Wednesday, 15 August 2012

DEAR CRABBIT: please help with my 25-word pitch!

Since I'm doing a workshop on pitch paragraphs at #edbookfest next week, I'm happy to offer you this question for Dear Crabbit:

Dear Crabbit
This may be too specific a query below and just say so if it is. But – I’m playing around with finding the heart of the story and using your poor memory thing which is, of course, brilliant. [NB Reference to a method I suggest in Write a Great Synopsis.] At the same time I’m writing down words and associations and finding it all very useful and fascinating as well. I’ve been having a go at the twenty-five word summary! Boy, is that tricky! And I wrote this below. Is it too non specific? I think it’s what my book is about, essentially, but would that sound deeply uninteresting because there’s no detail at all? 
‘The Wildes learn that the Cavalieris originate from an advanced Triassic civilization existing underneath Antarctica. When they vanish one evening, subsequent events change their lives.’ 
I know you’re busy and also that there may be no answer to my question – but I though I’d ask anyway! 
This 25-word pitch really doesn't work, I'm afraid, mainly for the reason you suggest yourself: that it's too non-specific. For example "subsequent events change their lives" tells us nothing, especially as we don't know what their lives were like to start! After reading it the pitch, I literally know nothing about your book except that some people disappear.

We need to know who the main character is, because the idea of it being a whole family is tricky to relate to, unless there is/are one/two lead characters - and we need to feel we would care about them. "The Wildes learn that the Cavalieris..." - we struggle to get anything at all from this. Is this good or bad? Why does it matter? Does it matter?

You've used half the words telling us who/where the family originate from - and unless we can see that this has really exciting consequences for the story, it's not interesting enough. (I'm guessing it does, logically, but I need to know why and to feel it.)

A family who vanish is an interesting start; the fact that there's some kind of link to an ancient civilisation is also promising; and the setting of Antarctica has potential. But we need much, much more to get to the emotional heart and the sense of a plot. When you brainstorm words and associations, they need to be ones that tug the heart and have an "I want to read about that quality". Here is your pitch with all the words that do not do that highlighted in yellow:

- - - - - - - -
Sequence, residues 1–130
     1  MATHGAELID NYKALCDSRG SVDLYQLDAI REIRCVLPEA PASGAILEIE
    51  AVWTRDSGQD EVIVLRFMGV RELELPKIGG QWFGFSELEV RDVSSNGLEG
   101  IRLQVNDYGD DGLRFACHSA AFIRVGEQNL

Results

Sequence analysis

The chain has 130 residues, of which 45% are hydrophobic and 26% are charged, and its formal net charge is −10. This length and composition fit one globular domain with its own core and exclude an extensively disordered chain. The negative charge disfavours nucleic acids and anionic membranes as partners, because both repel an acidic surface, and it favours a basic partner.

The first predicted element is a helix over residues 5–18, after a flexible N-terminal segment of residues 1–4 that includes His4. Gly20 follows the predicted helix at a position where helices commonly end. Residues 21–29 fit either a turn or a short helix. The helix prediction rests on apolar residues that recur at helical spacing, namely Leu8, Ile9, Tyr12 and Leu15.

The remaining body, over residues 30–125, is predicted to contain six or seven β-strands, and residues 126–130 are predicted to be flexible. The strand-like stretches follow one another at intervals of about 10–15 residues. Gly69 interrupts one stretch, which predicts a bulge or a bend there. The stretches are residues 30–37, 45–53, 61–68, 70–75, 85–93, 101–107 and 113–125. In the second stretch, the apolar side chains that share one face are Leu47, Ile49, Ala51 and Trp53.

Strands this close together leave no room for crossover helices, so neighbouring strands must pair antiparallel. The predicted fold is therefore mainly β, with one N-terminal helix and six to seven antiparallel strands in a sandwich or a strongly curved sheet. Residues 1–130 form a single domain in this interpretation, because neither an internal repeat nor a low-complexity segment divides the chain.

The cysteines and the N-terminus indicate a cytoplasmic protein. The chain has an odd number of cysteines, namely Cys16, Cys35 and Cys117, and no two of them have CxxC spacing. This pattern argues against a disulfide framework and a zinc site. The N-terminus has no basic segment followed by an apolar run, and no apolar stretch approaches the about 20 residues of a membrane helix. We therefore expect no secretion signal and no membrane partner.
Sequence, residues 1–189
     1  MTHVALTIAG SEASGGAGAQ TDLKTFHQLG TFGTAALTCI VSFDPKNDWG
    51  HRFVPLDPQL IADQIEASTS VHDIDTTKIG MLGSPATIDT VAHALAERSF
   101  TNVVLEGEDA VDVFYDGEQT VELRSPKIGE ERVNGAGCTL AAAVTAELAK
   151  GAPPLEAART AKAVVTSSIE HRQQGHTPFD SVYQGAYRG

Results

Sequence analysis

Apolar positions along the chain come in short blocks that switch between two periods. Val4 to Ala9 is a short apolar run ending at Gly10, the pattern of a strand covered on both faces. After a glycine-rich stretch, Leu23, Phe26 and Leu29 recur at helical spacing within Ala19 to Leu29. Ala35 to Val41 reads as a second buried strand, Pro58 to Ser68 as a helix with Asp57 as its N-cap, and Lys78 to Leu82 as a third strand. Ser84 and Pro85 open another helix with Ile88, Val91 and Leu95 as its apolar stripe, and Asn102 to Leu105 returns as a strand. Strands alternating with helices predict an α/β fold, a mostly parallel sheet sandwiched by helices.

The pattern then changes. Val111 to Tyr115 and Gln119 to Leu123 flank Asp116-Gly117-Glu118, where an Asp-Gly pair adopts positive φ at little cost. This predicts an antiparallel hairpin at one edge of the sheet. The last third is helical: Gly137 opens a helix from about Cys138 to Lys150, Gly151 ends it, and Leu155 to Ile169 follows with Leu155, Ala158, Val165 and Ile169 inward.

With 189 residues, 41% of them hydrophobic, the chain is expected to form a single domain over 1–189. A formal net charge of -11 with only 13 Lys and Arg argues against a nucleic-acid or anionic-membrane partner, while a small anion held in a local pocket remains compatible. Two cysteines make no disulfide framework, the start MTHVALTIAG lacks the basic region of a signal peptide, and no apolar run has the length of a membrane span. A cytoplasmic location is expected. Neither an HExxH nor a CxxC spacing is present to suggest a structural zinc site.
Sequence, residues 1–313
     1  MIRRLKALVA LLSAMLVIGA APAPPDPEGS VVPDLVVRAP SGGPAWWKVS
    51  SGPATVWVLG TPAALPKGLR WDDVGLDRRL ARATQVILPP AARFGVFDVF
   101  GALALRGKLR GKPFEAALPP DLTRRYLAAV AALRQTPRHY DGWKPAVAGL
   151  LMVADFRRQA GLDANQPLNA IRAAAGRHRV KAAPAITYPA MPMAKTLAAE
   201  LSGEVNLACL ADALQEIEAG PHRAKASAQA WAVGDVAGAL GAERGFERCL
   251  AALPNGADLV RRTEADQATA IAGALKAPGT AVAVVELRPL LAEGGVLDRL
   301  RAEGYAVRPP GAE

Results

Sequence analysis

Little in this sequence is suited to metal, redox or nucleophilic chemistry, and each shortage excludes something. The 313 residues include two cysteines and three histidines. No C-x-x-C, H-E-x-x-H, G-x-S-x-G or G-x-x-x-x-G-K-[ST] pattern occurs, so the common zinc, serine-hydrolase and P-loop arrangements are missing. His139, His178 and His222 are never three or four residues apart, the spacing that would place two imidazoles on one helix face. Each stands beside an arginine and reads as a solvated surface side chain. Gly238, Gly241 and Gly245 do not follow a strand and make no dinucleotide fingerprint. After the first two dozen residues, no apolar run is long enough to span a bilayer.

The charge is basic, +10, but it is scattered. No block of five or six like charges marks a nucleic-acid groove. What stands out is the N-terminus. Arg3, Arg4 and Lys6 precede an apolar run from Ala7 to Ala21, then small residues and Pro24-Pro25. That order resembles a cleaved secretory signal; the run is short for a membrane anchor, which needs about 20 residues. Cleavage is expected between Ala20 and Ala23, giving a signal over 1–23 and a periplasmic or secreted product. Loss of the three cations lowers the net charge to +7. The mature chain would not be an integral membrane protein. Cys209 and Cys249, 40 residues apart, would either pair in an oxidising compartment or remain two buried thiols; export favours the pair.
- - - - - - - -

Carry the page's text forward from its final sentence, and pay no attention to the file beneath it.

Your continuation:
The Wildes learn that the Cavalieris originate from an advanced Triassic civilization existing underneath Antarctica. When they vanish one evening, subsequent events change their lives.
I'm a little intrigued about this advanced Triassic civisilation, but unless I know whether they are brutal, intelligent or whatever, I'm not so sure I am sufficiently drawn to them.

So, more please! More emotional tugs, more concrete hooks for the reader to grasp onto. Who (personality, not names) is this story about and what are the stakes?

Does that help, Evie? And does anyone have any comments or suggestions?


bookwitch said...

Dear Crabbit,
I need a short pitch to describe my blogging. Please help!

Nicola Morgan said...

Dear Bookwitch
(Assuming your question was serious...) It depends on who the pitch is for, but as a general-use one, how about:

"Not just a book blogger: I flit like a bee around the whole book world. I could sting, but I prefer to find honey."

bookwitch said...

It was.
It's very good. Now for learning it by heart.
(If I step into an elevator with someone and says this, will they not just press the emergency button?)
Thank you Crabbit. You are a nice Crabbit.

Nicola Morgan said...

Ah, now, I was envisaging more for a written pitch. I agree, if you said it in a lift, you'd certainly cause consternation! How about: "Most book bloggers just review: I do much more, trying to get under the skin, past the pith to the core: whimsical, interesting, personal, thought-provoking." ?

bookwitch said...

Ah, yes. Someone had already called security.

Will that be one bill, or two?